However, the problem of modern slavery in the UK has arguably failed to improve since the introduction of the legislation in 2015. Also, post-Brexit, changes to UK immigration policy may potentially discriminate against and criminalise vulnerable people (who may be reluctant to contact the authorities about being victims of slavery due to fear of deportation), further increasing the potential for modern slavery.

Growing inequality, poverty and lack of access to basic needs drives vulnerability to modern slavery. The cost-of-living crisis in the UK has also made more people vulnerable to exploitation. In the year 2022, 2.1 million people, or three per cent of families, used a food bank. Refugees and those seeking asylum are also at heightened risk of exploitation in the UK, due to social and cultural isolation, lack of access to basic resources and employment opportunities, often compounded by an insecure immigration status.

Forced labour is reported in many sectors, including farming, hospitality, beauty, construction, manufacturing, car washes, domestic service and other service industries. Wherever there is a reliance on labour-intensive tasks, a high demand for low-cost or cheap labour, a high reliance on temporary, irregular and other defenceless workforces, vulnerable environments can easily be created where modern slavery can occur and grow.

The Centre for Social Justice (CSJ) has reported that official figures show there has been a five-fold increase in modern slavery victims in the UK since 2015, with figures rising from 3,264 victims in that year to 17,000 potential victims in 2022. However, this is certainly an underestimate, and some commentators have predicted there may be as many as 122,000 victims in the UK. A further distressing fact is that, out of a record high number of British potential victims of slavery in 2022, one in five were children.

At the Queen’s Speech in 2022 – following the recommendations of an independent review of the Modern Slavery Act – the UK government announced a new Modern Slavery Bill which would strengthen the contents of modern slavery and human trafficking statements that are currently made by large UK organisations. It would also create an online public registry where organisations could publicly post their annual statements setting out the steps they have taken to prevent modern slavery in their businesses and supply chains. The stated purpose of the bill was to strengthen protection and support for victims and to increase companies’ accountability in terms of supply chains.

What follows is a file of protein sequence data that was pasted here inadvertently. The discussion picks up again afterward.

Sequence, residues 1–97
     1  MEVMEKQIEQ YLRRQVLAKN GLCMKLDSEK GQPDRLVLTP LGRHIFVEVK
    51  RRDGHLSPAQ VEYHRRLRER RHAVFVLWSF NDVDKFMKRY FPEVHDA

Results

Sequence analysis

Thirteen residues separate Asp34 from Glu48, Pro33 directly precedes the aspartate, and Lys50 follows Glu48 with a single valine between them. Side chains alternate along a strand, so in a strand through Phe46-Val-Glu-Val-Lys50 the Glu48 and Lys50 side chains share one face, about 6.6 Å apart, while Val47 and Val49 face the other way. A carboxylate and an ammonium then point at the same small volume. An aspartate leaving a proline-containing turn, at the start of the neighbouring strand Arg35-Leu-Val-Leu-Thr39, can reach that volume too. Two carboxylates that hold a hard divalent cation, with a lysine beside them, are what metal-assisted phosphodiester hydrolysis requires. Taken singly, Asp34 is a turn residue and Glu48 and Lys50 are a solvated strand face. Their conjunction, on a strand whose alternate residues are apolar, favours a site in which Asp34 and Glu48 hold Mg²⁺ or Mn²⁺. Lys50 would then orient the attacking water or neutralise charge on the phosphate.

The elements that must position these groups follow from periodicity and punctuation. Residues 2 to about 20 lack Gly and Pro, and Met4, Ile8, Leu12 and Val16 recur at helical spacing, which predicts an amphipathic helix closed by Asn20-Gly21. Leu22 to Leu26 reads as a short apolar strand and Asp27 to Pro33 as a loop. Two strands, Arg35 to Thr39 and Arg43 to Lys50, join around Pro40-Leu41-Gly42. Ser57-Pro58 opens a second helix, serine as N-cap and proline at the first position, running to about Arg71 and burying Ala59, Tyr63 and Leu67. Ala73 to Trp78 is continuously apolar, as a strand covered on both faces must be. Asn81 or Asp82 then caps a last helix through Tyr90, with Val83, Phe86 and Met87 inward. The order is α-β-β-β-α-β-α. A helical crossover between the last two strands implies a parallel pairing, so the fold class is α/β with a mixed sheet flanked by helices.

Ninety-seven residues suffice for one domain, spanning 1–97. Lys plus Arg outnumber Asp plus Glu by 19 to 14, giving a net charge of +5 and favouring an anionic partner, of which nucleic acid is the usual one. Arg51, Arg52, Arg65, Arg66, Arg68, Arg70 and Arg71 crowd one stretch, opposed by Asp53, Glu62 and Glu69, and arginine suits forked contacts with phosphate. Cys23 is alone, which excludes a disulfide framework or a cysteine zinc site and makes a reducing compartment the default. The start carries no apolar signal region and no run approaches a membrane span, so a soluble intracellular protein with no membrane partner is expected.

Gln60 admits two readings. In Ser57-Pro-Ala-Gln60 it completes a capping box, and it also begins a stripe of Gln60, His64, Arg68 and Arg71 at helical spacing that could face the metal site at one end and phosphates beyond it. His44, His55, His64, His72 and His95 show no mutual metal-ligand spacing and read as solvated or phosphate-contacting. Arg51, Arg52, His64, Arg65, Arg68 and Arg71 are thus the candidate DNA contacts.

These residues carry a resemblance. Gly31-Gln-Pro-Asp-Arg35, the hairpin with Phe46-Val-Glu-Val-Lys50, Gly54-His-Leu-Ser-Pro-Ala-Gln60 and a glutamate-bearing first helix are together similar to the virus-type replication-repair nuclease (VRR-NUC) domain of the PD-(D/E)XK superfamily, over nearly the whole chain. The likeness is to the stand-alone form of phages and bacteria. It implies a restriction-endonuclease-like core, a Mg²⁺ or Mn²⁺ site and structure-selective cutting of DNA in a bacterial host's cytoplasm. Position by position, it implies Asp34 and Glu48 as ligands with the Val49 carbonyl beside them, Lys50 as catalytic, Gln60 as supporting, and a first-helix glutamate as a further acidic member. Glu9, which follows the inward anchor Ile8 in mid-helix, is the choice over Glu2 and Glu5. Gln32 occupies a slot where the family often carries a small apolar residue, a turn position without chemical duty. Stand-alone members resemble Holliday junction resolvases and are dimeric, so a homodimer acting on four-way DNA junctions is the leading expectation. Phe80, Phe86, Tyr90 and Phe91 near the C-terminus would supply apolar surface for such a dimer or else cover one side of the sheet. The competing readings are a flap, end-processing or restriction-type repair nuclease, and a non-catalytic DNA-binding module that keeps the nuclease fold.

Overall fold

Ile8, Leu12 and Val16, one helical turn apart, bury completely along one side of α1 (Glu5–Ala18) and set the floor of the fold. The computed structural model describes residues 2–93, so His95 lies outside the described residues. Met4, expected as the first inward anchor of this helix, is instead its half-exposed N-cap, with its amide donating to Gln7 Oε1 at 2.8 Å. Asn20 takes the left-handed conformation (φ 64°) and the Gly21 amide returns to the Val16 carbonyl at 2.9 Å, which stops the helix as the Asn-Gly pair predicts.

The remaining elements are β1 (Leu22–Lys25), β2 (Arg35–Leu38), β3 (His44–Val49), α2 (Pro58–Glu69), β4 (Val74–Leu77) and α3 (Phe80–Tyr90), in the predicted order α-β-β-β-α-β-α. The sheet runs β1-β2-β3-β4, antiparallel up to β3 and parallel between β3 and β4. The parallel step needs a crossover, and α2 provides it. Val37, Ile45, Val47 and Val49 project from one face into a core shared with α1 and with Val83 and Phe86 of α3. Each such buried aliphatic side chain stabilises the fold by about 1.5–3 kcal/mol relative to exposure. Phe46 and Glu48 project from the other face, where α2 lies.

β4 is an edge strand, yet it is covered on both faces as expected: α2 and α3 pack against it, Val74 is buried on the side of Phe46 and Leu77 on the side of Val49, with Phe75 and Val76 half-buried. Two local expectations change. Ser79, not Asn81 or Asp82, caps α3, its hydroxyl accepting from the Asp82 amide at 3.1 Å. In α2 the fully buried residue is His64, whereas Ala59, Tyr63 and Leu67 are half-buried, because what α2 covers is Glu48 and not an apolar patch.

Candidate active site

Currently, commercial organisations in the UK with an annual turnover of over £36 million must produce a slavery and human trafficking statement every financial year. The statement must set out the steps the organisation has taken to eradicate modern slavery in its supply chain and in its own business, or it must state that the organisation has taken no such steps.

However, under the proposed bill, public bodies with a budget of £36 million or more, including local authorities in England and Wales, will in future also be required to regularly report on the steps they have taken to prevent modern slavery in their supply chains.

The bill would also mandate the key topics that modern slavery statements must cover, from due diligence to risk assessment, to encourage organisations to be transparent about the work they are doing to ensure responsible practices. Finally, the bill would also introduce a requirement for organisations with a budget of £36 million or more in all sectors to publish their modern slavery statements on a new digital government reporting service. The aim of this duty is to boost transparency, making it easier for consumers, investors and civil society to hold organisations to account for the steps they have taken to root out modern slavery.

The anticipated Bill was noticeably absent from the King’s speech in November 2023 (although a new online registry was launched in 2021 that allows organisations to voluntarily publish their modern slavery statements).

To many commentators, although the UK has led the world in tackling this pernicious international crime, it has now left a deathly silence, sending a signal to the world that modern slavery is secondary to other local and national agendas.